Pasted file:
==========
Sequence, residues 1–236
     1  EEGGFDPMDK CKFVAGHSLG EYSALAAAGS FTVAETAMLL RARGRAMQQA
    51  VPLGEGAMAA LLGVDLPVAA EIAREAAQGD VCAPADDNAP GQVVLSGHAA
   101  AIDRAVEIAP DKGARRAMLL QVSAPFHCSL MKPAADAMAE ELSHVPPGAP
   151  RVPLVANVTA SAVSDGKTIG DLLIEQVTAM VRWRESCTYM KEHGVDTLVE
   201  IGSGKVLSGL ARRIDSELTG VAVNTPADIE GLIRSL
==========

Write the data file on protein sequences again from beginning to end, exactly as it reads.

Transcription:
Sequence, residues 1–236
     1  EEGGFDPMDK CKFVAGHSLG EYSALAAAGS FTVAETAMLL RARGRAMQQA
    51  VPLGEGAMAA LLGVDLPVAA EIAREAAQGD VCAPADDNAP GQVVLSGHAA
   101  AIDRAVEIAP DKGARRAMLL QVSAPFHCSL MKPAADAMAE ELSHVPPGAP
   151  RVPLVANVTA SAVSDGKTIG DLLIEQVTAM VRWRESCTYM KEHGVDTLVE
   201  IGSGKVLSGL ARRIDSELTG VAVNTPADIE GLIRSL